Unless you plan to go it alone, you’ll need a real estate agent to help price and list your home for sale. Keep in mind, not every agent is experienced in the complexities of short sales. Before committing to a listing agreement, ask at least three agents for a listing presentation to get a sense of their knowledge, skills and selling plan.

When it’s time to put the home on the market, make sure the listing description discloses that the property is a short sale. From there, your agent will market your home to buyers much in the way they’d market a regular sale. If your home needs considerable work, your agent might target more house-flipping or investor clients.

3. Submit the offer to your lender

Once you accept an offer, you’ll submit it to your lender or servicer for review and approval. This process can take time, and the lender might not necessarily accept the initial offer price. There could be additional negotiation between the lender, the buyer and you as the seller, as well. There’s no guarantee the lender will ultimately approve the offer.

Overview: Short sale process for buyers

1. Figure out the financing

Whether you’re buying a short sale or other type of home, you have to know how you’re going to pay for it. In a short sale, you often need the flexibility to move quickly — some lenders, for example, require closing in as few as 20 days.

2. Identify which properties to go after

Before touring short sale properties, decide how much renovation work you’re comfortable paying for. This — along with your financing — can help you narrow down your budget and upper limit. A real estate agent can help you find preforeclosures, which are prime candidates for short sales.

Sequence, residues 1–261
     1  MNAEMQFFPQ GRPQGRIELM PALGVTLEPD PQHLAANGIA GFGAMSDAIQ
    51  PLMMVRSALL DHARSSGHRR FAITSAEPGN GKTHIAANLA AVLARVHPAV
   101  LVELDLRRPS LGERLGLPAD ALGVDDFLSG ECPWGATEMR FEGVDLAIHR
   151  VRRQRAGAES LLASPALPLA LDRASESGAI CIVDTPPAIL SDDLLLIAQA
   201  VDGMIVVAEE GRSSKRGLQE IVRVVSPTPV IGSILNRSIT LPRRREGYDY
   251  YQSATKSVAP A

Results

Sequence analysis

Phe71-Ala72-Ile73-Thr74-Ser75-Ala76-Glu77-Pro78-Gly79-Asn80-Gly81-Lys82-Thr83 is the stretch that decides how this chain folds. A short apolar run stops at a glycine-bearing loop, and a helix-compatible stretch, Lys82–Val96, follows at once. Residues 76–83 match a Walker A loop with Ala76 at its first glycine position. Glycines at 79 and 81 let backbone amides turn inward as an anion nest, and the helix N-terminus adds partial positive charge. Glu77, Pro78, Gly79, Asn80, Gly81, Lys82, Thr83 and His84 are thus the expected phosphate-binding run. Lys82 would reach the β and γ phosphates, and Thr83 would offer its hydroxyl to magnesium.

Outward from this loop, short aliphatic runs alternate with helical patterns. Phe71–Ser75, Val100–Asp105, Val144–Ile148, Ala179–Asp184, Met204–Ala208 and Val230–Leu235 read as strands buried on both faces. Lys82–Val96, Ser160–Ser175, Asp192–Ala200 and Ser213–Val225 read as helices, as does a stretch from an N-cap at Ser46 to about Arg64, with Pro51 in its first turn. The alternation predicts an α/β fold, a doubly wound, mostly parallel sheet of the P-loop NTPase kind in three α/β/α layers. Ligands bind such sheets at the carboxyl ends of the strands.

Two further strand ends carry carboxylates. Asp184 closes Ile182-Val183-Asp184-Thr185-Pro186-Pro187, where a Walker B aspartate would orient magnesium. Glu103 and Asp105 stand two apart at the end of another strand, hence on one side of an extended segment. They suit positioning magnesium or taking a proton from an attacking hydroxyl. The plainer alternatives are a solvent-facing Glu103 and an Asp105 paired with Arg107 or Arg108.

3. Put together a proposal

When you find a home you like and you and the seller agree on a price, your agent will organize a proposal for the seller’s lender or servicer. This package includes the purchase and sale agreement, the appraisal report and an authorization letter — signed by the seller and notarized — that permits the lender to discuss the seller’s loan with you. Additionally, many lenders require the buyer to fill out an application specifically for a short sale request.

While the lender reviews the proposal, you’ll have the home inspected. If it’s in exceptionally poor condition, consider walking it with a contractor, as well. Your lender will also order a title search to confirm there are no undisclosed liens on the home.

The lender might reject your offer or return with a counteroffer. If it’s accepted, you’ll then work with your own lender to get your loan underwritten and closed.

What to consider when buying a short sale home

A short sale isn’t as straightforward as a traditional real estate transaction. You might need to work with an experienced real estate agent to find properties, and potentially with an attorney who specializes in these types of deals. Here are some other considerations:

  • Short sales need to be disclosed. The seller or listing agent must disclose upfront that the home is a short sale.
  • The home’s purchase price should align with market value. While you might see a lower price on a short sale due to the condition of the home, you won’t be able to buy one for next to nothing. If you want the home — and the lender to green-light the sale — your offer should be in line with today’s market value.
  • Skipping formalities can cause big problems. Don’t skip steps in the process of buying a short sale. It’s unwise to forgo a home inspection, for example, or skim over disclosures and closing documents. These could uncover serious issues that might derail the sale.

Common reasons short sales fall through